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David Holloway on: Political Importance of the Sakharov Design
David Holloway Q: After the test of Andrei Sakharov's Layer Cake, you described in your book a scene where the scientific director of the Soviet nuclear program Igor Kurchatov walks up to Andrei Sakharov and bows to him, calling him the "savior of the Soviet Union". What is that all about?

DH: When we look back now at this history, we draw big distinctions between the sloika ["Layer Cake"] design and the two-stage weapon and so on. At a public level, and I think at a political level, these distinctions were not at the time seen to be of great importance. For the scientists clearly understood the difference in design, but the political leadership in the Soviet Union, I think thought, well, this is one kind of thermonuclear weapon, so it's a thermonuclear weapon. And the real significance for the Soviet Union was that the leaders were afraid that having eliminated the American atomic bomb monopoly, they would now be faced by another American monopoly in thermonuclear weapons, and that that would have the same kind of political effect that they had feared from the atomic bomb. In other words, it would just encourage the United States to try to put pressure on the Soviet Union and leave them feeling inferior.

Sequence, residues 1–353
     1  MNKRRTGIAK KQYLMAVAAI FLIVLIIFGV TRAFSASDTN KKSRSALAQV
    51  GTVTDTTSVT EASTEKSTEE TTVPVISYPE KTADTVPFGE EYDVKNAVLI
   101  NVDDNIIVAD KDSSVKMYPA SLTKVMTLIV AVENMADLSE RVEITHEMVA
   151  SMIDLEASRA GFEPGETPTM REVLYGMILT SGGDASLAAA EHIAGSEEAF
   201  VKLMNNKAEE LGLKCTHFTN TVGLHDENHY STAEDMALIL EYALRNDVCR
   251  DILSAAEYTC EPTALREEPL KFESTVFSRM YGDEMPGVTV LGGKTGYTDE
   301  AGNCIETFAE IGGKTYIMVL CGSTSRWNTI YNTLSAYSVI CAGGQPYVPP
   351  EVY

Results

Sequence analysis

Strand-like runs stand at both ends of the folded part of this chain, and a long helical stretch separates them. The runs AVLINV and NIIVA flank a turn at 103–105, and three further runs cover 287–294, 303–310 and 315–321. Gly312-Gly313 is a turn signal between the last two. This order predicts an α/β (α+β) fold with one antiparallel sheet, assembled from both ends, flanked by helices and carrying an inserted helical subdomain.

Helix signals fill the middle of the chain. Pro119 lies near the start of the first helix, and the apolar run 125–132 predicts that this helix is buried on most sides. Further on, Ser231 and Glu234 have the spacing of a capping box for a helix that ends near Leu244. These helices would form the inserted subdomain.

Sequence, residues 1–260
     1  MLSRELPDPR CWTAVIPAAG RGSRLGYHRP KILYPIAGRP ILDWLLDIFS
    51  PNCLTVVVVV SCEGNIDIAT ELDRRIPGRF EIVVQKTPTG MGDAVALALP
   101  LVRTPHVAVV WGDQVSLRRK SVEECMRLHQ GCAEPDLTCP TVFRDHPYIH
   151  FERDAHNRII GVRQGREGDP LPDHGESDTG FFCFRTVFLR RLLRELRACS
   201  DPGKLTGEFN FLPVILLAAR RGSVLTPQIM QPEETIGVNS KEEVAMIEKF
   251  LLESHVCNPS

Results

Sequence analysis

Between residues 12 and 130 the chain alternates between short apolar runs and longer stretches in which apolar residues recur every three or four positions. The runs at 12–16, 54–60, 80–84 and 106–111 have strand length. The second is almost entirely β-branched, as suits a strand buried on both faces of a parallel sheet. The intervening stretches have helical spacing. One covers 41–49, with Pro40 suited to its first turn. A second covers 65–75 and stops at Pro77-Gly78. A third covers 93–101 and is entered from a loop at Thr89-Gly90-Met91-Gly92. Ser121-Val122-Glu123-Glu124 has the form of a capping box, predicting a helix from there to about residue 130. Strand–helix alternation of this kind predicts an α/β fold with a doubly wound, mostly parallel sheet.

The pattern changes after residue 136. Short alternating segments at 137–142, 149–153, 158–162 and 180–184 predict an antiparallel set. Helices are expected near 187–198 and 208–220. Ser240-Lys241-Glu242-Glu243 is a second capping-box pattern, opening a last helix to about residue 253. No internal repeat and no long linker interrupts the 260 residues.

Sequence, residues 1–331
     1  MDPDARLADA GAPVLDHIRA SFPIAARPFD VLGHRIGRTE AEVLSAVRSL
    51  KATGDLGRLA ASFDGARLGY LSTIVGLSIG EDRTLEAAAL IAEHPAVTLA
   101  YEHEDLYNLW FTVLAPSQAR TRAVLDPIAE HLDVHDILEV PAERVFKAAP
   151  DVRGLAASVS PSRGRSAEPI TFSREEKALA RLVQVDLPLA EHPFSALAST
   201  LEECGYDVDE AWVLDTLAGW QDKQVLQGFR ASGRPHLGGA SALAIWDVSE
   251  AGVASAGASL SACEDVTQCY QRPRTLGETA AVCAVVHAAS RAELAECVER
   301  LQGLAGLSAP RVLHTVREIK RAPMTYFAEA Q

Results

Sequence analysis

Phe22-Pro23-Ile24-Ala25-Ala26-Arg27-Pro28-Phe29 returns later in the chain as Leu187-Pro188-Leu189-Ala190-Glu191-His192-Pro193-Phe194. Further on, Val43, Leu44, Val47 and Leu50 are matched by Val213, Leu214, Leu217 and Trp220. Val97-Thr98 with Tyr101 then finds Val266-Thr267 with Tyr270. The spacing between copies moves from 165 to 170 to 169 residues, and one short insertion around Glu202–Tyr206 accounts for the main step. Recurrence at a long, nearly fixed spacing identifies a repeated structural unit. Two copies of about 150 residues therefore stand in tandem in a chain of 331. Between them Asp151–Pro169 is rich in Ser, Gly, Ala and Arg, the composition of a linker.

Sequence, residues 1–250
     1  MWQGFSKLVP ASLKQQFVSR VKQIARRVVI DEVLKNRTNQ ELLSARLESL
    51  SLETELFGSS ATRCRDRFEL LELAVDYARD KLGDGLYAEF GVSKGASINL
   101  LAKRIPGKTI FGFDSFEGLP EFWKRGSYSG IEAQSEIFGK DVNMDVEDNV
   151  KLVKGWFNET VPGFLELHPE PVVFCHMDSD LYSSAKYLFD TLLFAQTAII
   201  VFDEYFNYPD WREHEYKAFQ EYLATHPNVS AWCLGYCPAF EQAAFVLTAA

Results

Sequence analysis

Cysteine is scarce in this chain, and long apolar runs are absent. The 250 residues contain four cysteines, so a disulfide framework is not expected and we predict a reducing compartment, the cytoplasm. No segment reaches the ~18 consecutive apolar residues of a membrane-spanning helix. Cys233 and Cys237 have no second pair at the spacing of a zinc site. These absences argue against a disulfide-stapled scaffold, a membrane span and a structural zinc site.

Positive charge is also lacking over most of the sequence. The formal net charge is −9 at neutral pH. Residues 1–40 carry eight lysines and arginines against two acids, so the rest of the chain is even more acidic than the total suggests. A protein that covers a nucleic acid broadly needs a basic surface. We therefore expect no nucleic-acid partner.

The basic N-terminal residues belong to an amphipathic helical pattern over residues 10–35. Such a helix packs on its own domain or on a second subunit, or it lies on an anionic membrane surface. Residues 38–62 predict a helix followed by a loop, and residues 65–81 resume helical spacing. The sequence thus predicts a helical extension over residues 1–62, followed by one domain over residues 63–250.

So the real significance of the August '53 test politically was that in the eyes of the political leadership it removed any danger of an American monopoly, because the only American thermonuclear test up to that been had been of a large assemblage which was not a deliverable bomb. So politically, this was a very important test for the Soviet Union, so [one of the Soviet leaders, Georgii] Malenkov conveys a message of congratulations to Kurchatov and through Kurchatov to Sakharov in particular for his contribution to this. So the political leadership kind of knew who the key people were in the project, knew that this was essentially Sakharov's design, and I think felt that this was politically of enormous importance.

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